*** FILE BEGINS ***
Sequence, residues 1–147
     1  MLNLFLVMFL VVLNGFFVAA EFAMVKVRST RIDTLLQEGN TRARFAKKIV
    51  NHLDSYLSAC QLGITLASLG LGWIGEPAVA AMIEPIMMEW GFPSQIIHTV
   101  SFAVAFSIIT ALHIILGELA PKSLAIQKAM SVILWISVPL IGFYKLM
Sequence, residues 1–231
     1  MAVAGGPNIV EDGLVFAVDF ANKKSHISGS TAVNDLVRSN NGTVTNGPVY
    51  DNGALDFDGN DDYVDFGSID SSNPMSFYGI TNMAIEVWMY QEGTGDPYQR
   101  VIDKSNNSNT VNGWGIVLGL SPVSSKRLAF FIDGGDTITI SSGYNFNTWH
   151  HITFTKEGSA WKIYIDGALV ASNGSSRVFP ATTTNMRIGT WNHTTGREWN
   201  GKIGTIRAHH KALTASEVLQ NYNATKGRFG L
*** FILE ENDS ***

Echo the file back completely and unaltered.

Sequence, residues 1–147
     1  MLNLFLVMFL VVLNGFFVAA EFAMVKVRST RIDTLLQEGN TRARFAKKIV
    51  NHLDSYLSAC QLGITLASLG LGWIGEPAVA AMIEPIMMEW GFPSQIIHTV
   101  SFAVAFSIIT ALHIILGELA PKSLAIQKAM SVILWISVPL IGFYKLM
Sequence, residues 1–231
     1  MAVAGGPNIV EDGLVFAVDF ANKKSHISGS TAVNDLVRSN NGTVTNGPVY
    51  DNGALDFDGN DDYVDFGSID SSNPMSFYGI TNMAIEVWMY QEGTGDPYQR
   101  VIDKSNNSNT VNGWGIVLGL SPVSSKRLAF FIDGGDTITI SSGYNFNTWH
   151  HITFTKEGSA WKIYIDGALV ASNGSSRVFP ATTTNMRIGT WNHTTGREWN
   201  GKIGTIRAHH KALTASEVLQ NYNATKGRFG L